Paris marks 75 years since liberation from Nazis

Paris marks 75 years since liberation from Nazis

Paris has been celebrating the American soldiers, French Resistance fighters and others who liberated the City of Light from Nazi occupation exactly 75 years ago.

Firefighters unfurled a huge French flag from the Eiffel Tower, recreating the moment when a French tricolor stitched together from sheets was hoisted atop the monument 75 years ago to replace the swastika flag that had flown for four years.

People dressed in Second World War-era military uniforms and dresses joined parades in southern Paris, retracing the entry of French and US tanks into the city on August 25 1944.

Long the jewel of European cities, Paris suffered relatively little damage in the Second World War, but its citizens were humiliated, hungry and mistrustful after 50 months under the Nazis.

US soldiers march along the Champs Elysees after the liberation of Paris (Peter J Carroll/AP)
US soldiers march along the Champs Elysees after the liberation of Paris (Peter J Carroll/AP)

The liberation of Paris was both joyous and chaotic.

It was faster and easier for the Allies than their protracted battle through Normandy and its gun-filled hedgerows. But the fight for the French capital killed nearly 5,000 people, including Parisian civilians, German troops and members of the French Resistance whose sabotage and attacks had prepared the city for the liberation.

The D-Day landings on June 6 1944 helped change the tide of the war, allowing the Allies to push through Normandy and beyond to other German-occupied lands around Western Europe.

The message went out to the French Resistance in Paris that the Allies were advancing.

On August 19 1944, Paris police officers rebelled and took over police headquarters. On the night of August 24, the first Allied troops entered southern Paris. The grand entrance of French General Philippe Leclerc de Hauteclocque’s 2nd Armoured Division followed by Allied forces would come the following day.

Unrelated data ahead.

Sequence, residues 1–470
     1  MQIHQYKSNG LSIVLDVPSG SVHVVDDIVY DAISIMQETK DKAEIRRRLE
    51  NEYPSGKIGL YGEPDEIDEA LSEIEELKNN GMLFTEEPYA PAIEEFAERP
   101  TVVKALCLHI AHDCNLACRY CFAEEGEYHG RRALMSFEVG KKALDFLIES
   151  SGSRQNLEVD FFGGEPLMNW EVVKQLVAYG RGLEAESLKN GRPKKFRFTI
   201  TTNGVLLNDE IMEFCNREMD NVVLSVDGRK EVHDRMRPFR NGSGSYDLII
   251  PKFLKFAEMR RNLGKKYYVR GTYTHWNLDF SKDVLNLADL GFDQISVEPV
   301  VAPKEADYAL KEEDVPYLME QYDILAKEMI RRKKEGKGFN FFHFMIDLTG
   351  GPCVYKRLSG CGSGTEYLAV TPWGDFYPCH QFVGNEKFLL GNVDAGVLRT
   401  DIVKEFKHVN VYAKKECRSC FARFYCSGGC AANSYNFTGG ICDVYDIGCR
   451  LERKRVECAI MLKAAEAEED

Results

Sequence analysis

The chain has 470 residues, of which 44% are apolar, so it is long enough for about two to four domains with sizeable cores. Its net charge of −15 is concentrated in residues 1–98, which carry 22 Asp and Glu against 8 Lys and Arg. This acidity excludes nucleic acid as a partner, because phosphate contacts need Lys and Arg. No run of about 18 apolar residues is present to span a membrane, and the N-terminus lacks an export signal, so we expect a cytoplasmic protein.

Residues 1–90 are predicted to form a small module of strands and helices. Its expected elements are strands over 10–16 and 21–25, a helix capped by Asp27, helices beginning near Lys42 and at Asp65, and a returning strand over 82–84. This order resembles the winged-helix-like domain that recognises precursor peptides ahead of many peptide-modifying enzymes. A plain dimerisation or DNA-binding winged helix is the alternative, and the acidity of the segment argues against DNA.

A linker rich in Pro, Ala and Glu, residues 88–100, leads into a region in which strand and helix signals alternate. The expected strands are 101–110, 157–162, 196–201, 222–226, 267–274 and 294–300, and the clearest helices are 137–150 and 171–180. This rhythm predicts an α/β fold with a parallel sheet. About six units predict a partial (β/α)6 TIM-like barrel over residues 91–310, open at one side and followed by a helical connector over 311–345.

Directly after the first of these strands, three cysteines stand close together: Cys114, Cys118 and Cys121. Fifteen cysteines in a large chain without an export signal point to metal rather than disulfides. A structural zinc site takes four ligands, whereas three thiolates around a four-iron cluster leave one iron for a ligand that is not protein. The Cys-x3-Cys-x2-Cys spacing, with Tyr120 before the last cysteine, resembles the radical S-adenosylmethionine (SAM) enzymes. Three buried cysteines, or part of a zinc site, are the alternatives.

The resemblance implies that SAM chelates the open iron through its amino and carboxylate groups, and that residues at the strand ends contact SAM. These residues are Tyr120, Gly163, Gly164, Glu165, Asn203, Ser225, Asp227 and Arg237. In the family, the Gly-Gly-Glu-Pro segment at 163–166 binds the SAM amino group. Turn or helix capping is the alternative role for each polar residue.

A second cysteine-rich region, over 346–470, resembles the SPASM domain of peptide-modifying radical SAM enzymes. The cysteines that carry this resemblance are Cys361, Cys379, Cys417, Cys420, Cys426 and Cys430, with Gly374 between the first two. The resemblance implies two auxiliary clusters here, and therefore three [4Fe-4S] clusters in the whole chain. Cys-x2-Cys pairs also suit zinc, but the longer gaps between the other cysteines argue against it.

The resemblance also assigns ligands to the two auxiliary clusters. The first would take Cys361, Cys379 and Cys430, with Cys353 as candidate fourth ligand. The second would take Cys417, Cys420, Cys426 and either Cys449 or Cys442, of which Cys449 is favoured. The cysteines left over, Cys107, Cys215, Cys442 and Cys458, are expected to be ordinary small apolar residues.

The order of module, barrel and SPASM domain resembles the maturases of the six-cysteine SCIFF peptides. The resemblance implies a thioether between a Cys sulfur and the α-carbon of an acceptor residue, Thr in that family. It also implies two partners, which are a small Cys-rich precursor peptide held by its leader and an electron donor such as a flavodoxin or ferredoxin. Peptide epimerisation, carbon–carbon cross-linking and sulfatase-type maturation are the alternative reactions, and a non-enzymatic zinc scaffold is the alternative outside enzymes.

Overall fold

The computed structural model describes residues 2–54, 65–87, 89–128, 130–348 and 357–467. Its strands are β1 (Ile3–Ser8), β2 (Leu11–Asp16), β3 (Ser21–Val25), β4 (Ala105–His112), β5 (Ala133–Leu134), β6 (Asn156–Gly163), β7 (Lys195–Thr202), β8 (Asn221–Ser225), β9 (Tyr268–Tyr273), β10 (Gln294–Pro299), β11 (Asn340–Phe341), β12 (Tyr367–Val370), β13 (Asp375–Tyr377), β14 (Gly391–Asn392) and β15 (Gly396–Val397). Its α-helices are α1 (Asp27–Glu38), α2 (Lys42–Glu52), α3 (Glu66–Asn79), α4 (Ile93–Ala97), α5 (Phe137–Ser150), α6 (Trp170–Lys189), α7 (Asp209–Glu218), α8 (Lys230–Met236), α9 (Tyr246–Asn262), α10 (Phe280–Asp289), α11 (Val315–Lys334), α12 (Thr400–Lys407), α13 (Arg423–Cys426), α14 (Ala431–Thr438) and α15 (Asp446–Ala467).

The German military governor of Paris was arrested at his headquarters at the Meurice Hotel and signed the surrender.

Paris buildings still bear the bullet holes of fighting.

A group of US Second World War veterans are back in Paris for the events.

Steve Melnikoff, 99, of Cockeysville, Maryland, came ashore on Omaha Beach on D-Day. He calls war “nasty, smelly, terrible”. But he maintains that “it was important for someone to do this”, to stop Hitler from taking over more of the world.

Harold Radish, 95, arrived in France in 1944, fought his way to Germany — and then was captured. After he was freed, he visited Paris. He described the liberated city as “a new thing”. He said: Something good had changed, the world was gonna get a little better.”

- Press Association

More on this topic

David Cameron says Nicolas Sarkozy helped him see dying father for last timeDavid Cameron says Nicolas Sarkozy helped him see dying father for last time

Manhunt after knife attack in Lyon leaves one dead and six injuredManhunt after knife attack in Lyon leaves one dead and six injured

France honours African veterans of Second World War landingsFrance honours African veterans of Second World War landings

In Pictures: Paris on parade for Bastille Day celebrationsIn Pictures: Paris on parade for Bastille Day celebrations

More in this Section

Australian cardinal launches appeal against child sex abuse convictionsAustralian cardinal launches appeal against child sex abuse convictions

Iran acknowledges holding British-Australians on spying chargesIran acknowledges holding British-Australians on spying charges

Elon Musk says he did not intend to accuse British diver of being a paedophileElon Musk says he did not intend to accuse British diver of being a paedophile

Trump rallies backers in New Mexico in bid to prise state from DemocratsTrump rallies backers in New Mexico in bid to prise state from Democrats


Lifestyle

It will take you out of your beauty comfort zone, but is remarkably easy to pull off.London Fashion Week: This top make-up artist wants you to ditch your cat-eye for a ‘blue fade’

Columnist and trained counsellor Fiona Caine advises a 20-something man who isn’t having any luck meeting women in bars and clubs.Ask a counsellor: ‘Neither me or my mates have had a date for years – what are we doing wrong?’

As Aussie beer and cider brand Gayle launches in the UK, Abi Jackson finds out more from co-founder Virginia Buckworth.‘Brewed with love’: How new Aussie brand Gayle is putting ‘gay ale’ on the world drinks map

Pumpkins and other squash are such a distinctive harvest vegetable that they are used as symbols for many of the season’s festivals.Michelle Darmody: Pumpkin bakes

More From The Irish Examiner